Creating a CLE? Better Read This First (Perspective)

Editor’s Note: The author of this post is an assistant general counsel for Microsoft-based in Chicago. 

By Dennis Garcia, Assistant General Counsel, Microsoft Corporation

Most practicing lawyers need to periodically obtain certain Continuing Legal Education (CLE) credits to retain their local legal bar credentials and help ensure that their legal knowledge and skills do not grow stale so they can better serve their clients. CLEs can be delivered by accredited organizations in-person or via online and attendees need to certify their attendance.

In my experience as both a CLE attendee and as a CLE presenter/panelist, the quality of CLE sessions can vary widely. Here’s some best practices in developing and delivering high-quality CLEs:

Pick Impactful CLE Topics & Speakers

Selecting CLE topics and speakers that are relevant, focused and responsive to the needs of lawyers is absolutely vital. Be sure to convene a diverse team of legal professionals to thoughtfully determine the appropriate CLE subject matter areas and speakers. As you pick CLE topics keep the interests of your potential CLE audience top of mind and consider topics that involve leading issues (e.g., cybersecurity, data privacy, compliance), newer developments (e.g., the impact of Brexit, medical marijuana, artificial intelligence) and traditional areas (e.g., professional responsibility, intellectual property).

Embrace Diversity in CLE Speakers

Please pay special attention in identifying and selecting qualified CLE speakers that come from diverse backgrounds and experiences. Unfortunately, throughout my career I’ve attended way too many CLEs where there was a profound lack of diversity in CLE speakers. Embracing diversity makes all of us better lawyers, better people and will make a CLE session even more rewarding. If you are involved in selecting CLE speakers and see a lack diverse candidates, please speak up.

Make the CLE Super Interesting

I’ve also attended some incredibly boring and long-winded CLEs throughout my career — many of which are eerily reminiscent of many of my law school classes. CLE speakers — whether they are formal presenters, moderators or panelists – need to invest the time to properly prepare in order to deliver a compelling CLE session. As a CLE speaker be full of energy and enthusiasm, be bold, display your personality, engage in storytelling, be theatrical, don’t read from a script, be innovative (e.g., give a pop quiz) and if you use slides jazz them up by embracing tools like Microsoft Sway.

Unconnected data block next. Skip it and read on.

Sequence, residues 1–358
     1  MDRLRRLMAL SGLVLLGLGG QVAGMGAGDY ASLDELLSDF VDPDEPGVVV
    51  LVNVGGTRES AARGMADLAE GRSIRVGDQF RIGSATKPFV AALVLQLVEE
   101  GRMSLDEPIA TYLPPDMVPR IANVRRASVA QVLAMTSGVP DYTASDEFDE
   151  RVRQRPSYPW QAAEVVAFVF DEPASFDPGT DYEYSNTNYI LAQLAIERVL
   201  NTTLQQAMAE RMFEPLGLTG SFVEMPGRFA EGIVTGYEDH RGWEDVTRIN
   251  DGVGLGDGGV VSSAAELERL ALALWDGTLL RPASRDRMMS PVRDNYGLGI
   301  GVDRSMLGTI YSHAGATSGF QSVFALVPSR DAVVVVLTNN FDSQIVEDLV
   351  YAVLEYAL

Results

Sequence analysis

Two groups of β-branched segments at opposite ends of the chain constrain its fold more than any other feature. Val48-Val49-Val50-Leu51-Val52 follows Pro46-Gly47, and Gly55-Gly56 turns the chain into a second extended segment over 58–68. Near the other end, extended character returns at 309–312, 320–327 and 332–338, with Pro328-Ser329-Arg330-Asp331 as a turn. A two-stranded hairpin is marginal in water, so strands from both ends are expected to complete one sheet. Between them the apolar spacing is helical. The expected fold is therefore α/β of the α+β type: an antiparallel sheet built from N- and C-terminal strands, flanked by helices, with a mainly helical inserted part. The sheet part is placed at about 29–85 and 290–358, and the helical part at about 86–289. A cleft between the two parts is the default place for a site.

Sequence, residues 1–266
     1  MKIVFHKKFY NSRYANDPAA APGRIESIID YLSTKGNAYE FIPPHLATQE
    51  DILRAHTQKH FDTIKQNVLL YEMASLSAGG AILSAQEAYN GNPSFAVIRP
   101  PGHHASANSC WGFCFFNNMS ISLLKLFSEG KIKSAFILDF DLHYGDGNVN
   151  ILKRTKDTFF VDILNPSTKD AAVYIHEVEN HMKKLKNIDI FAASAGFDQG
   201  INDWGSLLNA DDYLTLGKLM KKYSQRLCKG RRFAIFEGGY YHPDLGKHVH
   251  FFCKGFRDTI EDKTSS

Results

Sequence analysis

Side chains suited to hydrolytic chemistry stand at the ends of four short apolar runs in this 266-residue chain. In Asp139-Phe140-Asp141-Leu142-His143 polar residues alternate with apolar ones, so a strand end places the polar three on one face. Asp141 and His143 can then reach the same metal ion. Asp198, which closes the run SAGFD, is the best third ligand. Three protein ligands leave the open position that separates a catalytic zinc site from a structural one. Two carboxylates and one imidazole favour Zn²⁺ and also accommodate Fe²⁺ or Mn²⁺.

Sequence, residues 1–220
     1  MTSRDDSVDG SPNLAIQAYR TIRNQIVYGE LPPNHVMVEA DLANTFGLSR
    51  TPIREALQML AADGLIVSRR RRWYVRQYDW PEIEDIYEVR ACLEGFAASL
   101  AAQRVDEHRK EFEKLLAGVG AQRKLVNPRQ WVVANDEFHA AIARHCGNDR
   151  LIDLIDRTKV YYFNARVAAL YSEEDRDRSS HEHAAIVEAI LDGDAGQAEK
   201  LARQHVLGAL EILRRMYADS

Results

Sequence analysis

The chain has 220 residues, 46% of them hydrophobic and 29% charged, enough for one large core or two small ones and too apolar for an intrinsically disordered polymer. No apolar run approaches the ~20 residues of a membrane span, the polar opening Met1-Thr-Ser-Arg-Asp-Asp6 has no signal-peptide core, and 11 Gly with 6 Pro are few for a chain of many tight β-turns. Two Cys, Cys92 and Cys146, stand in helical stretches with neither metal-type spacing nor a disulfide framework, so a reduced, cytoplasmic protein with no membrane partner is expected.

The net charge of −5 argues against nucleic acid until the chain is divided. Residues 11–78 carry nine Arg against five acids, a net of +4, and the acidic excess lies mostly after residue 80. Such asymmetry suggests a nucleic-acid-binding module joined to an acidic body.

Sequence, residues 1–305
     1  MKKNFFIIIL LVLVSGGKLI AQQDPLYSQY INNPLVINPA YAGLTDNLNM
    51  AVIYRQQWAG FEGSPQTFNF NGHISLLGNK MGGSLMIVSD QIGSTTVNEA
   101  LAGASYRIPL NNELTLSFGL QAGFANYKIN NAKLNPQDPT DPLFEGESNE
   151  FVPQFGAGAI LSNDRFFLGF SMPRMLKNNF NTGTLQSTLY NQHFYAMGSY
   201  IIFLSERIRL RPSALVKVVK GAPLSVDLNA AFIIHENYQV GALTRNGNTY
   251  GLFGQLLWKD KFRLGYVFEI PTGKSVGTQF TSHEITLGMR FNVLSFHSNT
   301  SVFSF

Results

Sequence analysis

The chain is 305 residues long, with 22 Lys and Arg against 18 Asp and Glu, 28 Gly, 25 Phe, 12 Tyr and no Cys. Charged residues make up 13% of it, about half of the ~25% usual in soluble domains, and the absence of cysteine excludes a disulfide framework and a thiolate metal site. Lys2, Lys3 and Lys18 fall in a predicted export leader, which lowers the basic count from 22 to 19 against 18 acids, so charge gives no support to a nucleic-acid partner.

Be Practical, Not Theoretical

Develop CLE content that will have actual practical application to CLE attendees — many of whom have limited resources and are overworked. Create and provide key “takeaways” that are easily understandable and which attendees can actually incorporate into their everyday practice as lawyers.

CLE Attendees Must Be “All In”

CLE attendees also have a critical role to play in high-quality CLEs by providing their undivided attention to speakers during CLE sessions. While of course it is so easy for us to multi-task or become distracted by our devices during CLE sessions, embrace the “growth mindset” (please see my earlier article here) by remaining focused in CLEs. Not only will you gain knowledge and become a better attorney, but you will be paying your respect to CLE speakers who have spent considerable time preparing for their sessions.

Leverage Technology

I recently attended a CLE and received two very large books from the CLE provider – and once again I felt like I was back in law school. While those books contained absolutely great content, perhaps that content could have more easily delivered via a flash drive, via a link embedded in an email or via LinkedIn SlideShare? Another CLE that I recently attended did a terrific job embracing technology by enabling attendees to text anonymous questions in real-time to the CLE panel moderator’s device so that she could pose those questions during the panel’s Q&A session.

Use Social Media

Social media — especially LinkedIn, Twitter and Facebook — are terrific platforms for CLE providers to amplify their CLEs and drive attendance. Social media also provides opportunities for CLE providers, speakers and attendees to sustain the CLE subject matter conversation before, during and after CLE sessions via their posts on social media. Consider creating a specific LinkedIn Group for your CLE in order to share even more knowledge.

Best of luck organizing or participating in your next CLE!

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